MBS Weekly Market Commentary Week Ending 9/16/22

Fed’s choice between a soft landing or bringing down inflation

We received several inflation data points this week, all of which point to another large Fed rate hike (either 75 or 100 BPS) at its September 20/21 FOMC meeting. The Fed went from saying “we’re going to try to have a soft landing and bring down inflation” earlier this year to now signaling it has a choice between a soft landing or bringing down inflation. And the central bank is intent on bringing down inflation through a crackdown on economic growth.

There are the unfortunate costs of reducing inflation (higher interest rates, slower growth, and softer labor market conditions) that will bring some pain to households and businesses, but a failure to restore price stability would mean far greater economic pain. Markets have interpreted recent Fed comments as: “We are going to raise rates higher and keep them there longer than the market is anticipating. People now understand the seriousness of our commitment to getting inflation back down to 2%. If we have a hard landing and cause a recession, so be it.”

Restoring price stability will take some time

Restoring price stability will take some time and requires forceful action to bring demand and supply into better balance. The Fed wants to see demand destruction, not just an improvement on the supply side. Read another way, falling commodity prices and an improvement in supply chain issues are necessary, but not sufficient, to get the Fed to pivot towards a more accommodative monetary policy. On the bright side, the housing supply – demand imbalance should likely prevent a nationwide home price decline of large significance. This is more of a “buyer’s strike” than a “forced selling” event.

The Fed likely wants to see at least 4% unemployment before it thinks of pulling back. And a fed funds rate of above 4% is expected by the end of the year.

More important than the policy action at this upcoming meeting will be the path forward and communication of that path.

Chair Powell is expected to expand on the Committee’s view that at some point ratcheting down the pace of hikes will be appropriate. Markets are looking for specific metrics that the Fed will be targeting. The Fed likely wants to see at least 4% unemployment before it thinks of pulling back. And a fed funds rate of above 4% is expected by the end of the year.

As risks tilt slightly towards higher rates and flatter curves, the effect on the yield curve has been much more pronounced at the short end. The 2-year bond yield has picked up 23 BPS in yield over the past two days, while the 10-year is up about 8 BPS. The yield curve continues to invert, and the spread between the 2-year and the 10-year is now -36 BPS. The amount of tightening that has yet to hit the market is piling up. Luckily, since mortgage rates are more influenced by longer-term rates, we aren’t seeing much of an impact on mortgages (at least not yet). It will be more important to watch what happens in Treasury re-investments. The last time the Fed tried to reduce its Treasury holdings, repo rates spiked, which forced them to suspend roll-offs.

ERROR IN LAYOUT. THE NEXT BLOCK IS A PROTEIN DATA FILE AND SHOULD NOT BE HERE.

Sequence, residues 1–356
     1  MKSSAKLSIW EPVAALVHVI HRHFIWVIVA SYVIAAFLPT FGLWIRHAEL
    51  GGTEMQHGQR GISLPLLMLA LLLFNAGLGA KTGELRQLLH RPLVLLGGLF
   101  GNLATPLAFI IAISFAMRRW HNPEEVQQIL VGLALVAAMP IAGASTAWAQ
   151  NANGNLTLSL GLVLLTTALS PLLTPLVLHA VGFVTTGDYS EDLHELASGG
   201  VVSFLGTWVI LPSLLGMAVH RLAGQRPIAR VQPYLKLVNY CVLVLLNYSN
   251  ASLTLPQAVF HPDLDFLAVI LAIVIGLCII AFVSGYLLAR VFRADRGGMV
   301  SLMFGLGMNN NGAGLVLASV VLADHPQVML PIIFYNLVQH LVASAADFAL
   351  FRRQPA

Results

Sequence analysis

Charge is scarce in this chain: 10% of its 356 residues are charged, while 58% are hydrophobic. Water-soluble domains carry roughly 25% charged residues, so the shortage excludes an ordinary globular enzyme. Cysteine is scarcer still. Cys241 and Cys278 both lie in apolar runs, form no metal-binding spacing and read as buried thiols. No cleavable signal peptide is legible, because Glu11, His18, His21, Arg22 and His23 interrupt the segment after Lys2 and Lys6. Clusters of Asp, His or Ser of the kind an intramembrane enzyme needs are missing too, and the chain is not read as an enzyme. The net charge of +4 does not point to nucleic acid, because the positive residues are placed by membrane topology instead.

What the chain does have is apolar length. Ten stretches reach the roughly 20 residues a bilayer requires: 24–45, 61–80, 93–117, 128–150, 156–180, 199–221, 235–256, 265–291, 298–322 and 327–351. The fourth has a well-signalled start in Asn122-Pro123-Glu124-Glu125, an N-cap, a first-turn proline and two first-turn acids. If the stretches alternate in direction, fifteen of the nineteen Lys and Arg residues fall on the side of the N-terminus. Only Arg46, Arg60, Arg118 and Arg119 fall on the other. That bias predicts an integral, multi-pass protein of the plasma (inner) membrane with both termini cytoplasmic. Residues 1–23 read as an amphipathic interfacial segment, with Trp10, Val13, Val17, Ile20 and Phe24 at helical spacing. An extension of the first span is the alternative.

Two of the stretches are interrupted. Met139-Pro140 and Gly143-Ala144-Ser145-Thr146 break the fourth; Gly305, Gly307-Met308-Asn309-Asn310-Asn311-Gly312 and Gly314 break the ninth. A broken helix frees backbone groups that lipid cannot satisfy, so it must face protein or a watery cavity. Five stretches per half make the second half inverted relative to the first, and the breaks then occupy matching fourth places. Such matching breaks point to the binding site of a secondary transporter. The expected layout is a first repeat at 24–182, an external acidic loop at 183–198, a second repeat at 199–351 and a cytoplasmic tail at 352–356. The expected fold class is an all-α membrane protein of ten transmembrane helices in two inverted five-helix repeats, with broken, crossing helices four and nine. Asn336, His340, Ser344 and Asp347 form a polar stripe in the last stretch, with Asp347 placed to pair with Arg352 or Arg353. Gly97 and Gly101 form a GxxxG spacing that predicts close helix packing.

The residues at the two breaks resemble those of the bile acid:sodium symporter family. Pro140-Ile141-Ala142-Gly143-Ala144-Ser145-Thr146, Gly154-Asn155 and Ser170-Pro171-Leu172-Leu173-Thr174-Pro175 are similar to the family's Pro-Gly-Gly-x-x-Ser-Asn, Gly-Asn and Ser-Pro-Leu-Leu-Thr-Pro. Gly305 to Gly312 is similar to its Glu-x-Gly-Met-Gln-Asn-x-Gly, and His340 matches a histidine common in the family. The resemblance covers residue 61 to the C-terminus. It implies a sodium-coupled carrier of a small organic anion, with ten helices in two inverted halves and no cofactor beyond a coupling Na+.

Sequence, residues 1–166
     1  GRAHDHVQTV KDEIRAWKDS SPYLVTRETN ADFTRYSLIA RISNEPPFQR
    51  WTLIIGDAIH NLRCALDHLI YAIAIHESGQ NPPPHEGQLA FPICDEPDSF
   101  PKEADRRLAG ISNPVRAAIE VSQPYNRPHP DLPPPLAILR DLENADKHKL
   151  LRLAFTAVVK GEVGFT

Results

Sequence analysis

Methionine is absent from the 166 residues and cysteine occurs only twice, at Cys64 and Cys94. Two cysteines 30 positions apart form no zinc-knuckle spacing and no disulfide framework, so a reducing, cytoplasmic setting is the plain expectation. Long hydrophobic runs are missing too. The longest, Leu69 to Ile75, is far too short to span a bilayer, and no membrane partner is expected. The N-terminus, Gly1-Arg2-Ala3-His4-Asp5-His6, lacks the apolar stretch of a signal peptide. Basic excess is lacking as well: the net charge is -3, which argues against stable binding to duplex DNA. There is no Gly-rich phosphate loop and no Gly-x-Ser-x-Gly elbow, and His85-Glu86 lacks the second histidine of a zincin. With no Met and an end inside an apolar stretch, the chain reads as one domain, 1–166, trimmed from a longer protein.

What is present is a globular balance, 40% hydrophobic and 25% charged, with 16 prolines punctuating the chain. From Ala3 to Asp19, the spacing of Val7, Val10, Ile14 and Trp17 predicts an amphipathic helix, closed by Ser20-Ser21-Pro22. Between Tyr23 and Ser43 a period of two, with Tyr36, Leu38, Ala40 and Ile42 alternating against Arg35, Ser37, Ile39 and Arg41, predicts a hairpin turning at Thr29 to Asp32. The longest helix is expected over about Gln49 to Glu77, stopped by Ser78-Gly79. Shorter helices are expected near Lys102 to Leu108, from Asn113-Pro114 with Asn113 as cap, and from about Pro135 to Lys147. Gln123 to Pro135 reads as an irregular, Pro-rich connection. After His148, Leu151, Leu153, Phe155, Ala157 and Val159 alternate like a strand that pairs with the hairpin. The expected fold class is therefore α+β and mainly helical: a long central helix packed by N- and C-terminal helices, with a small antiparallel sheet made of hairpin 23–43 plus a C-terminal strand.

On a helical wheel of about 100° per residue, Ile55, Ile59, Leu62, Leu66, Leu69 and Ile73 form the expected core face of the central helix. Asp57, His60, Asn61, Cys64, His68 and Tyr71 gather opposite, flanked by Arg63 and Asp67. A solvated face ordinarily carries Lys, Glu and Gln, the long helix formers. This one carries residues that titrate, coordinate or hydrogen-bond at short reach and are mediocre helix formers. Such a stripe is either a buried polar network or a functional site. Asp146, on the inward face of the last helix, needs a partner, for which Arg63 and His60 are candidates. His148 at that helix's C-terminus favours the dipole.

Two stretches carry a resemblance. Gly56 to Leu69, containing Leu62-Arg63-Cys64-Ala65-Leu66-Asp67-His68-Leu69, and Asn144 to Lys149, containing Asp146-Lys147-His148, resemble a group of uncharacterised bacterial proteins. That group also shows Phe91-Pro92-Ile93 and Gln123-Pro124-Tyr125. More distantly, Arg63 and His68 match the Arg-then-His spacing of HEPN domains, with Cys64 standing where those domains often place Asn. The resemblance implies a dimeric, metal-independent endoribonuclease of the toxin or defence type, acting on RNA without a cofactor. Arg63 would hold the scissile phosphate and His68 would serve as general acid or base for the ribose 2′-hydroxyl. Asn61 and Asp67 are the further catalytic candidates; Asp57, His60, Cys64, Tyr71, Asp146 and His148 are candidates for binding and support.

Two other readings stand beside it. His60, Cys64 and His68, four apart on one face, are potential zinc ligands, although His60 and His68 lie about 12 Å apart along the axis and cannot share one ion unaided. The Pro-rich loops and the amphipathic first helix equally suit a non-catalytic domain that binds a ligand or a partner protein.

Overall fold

You can’t control revenue as much as you can control expenses.

Lenders have been struggling to set pricing at a premium to offset the cost of origination, due to continuing illiquidity in the higher coupons. Typically a 5.625 note rate would be slotted into a 5 coupon MBS, but currently those are going into the 4.5 because that is where the liquidity is, preventing premium pricing. You can’t control revenue as much as you can control expenses. Most mortgage executives understand how spending on technology can reduce the cost to manufacture.

Contact us and we’ll quantify how much our technology will lower your costs while increasing secondary market profitability, all with a fast and convenient onboarding process.

10-Year Treasury Yield Curve

Compare this chart with the mortgage rates chart to see how the 10-year treasury and mortgage rates are correlated. Read more below to learn how mortgage rates are tied to the 10 year treasury yield. View raw data on U.S. Department of the Treasury website.


Mortgage Rates Today